Lincecum and Cliff Lee gave the nation the unblinking pitching duel that everyone expected in Game 1. Neither pitcher allowed a runner into scoring position until the seventh, when Cody Ross and Uribe led off with singles.
Huff, who had exactly zero sacrifice hits to his credit in an 11-year career, surprised the ballpark when he sent a bunt up the first-base line.
“You know what, that might have been the best pitch I saw all night,” said a grinning Huff, who would have
bunted on his own even if he hadn’t received the sign.
Huff put both runners in scoring position for Pat Burrell, who was benched the previous night and came to the plate 0 for 11 with nine strikeouts in the series.
There was no redemptive moment. Burrell worked the count full but struck out on a cutter. He passed Renteria on his way back to the dugout and appeared to shout, “Let’s go, papi.”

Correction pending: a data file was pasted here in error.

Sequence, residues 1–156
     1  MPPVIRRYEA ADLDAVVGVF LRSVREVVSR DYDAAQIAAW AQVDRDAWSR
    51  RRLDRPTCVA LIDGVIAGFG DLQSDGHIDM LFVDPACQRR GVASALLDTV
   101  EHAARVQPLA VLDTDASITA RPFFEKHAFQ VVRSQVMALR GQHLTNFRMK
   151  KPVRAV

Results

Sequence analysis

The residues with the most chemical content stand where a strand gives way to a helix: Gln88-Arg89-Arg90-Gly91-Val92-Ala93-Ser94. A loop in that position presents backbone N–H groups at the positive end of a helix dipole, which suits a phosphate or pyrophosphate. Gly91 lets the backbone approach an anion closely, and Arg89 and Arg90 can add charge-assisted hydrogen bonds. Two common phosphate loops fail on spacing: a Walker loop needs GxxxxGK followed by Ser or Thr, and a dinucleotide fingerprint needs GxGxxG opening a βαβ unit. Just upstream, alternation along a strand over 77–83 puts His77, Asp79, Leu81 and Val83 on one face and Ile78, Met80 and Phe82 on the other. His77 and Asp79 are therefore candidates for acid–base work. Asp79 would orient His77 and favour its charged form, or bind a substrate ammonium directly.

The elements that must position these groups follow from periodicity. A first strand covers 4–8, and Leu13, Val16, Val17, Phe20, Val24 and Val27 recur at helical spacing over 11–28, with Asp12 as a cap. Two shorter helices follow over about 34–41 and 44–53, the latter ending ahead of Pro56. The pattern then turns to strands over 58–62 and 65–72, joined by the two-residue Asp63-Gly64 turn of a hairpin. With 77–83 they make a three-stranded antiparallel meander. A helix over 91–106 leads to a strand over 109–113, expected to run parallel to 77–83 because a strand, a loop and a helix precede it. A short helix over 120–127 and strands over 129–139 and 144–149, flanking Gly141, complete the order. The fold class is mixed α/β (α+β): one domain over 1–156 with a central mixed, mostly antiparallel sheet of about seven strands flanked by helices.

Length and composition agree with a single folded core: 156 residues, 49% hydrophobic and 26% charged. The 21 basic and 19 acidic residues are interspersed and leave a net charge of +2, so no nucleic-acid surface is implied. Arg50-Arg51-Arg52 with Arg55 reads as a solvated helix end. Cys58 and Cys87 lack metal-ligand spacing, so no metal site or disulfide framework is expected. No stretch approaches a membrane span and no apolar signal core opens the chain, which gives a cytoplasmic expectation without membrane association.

Renteria’s 35-year-old body broke down three times this season and has him thinking of retirement. But he mustered a swing for the annals, lifting a 2-0 cutter that made center fielder Josh Hamilton drift back and back until the wall rudely bumped him.
The Giants dugout celebrated as Renteria calmly rounded the bases. It was his second three-RBI game of this World Series. He didn’t have a three-RBI game all through the season.
And 13 years after his walkoff single won the 1997 World Series for the Florida Marlins, Renteria did it again. He joined Lou Gehrig, Joe DiMaggio and Yogi Berra as the only players in World Series history to own game-winning RBIs in two clinching victories.
“Unbelievable,” said Renteria, who still hasn’t decided about playing another year. “I just say thanks to the skipper for giving me a chance to be in this situation.”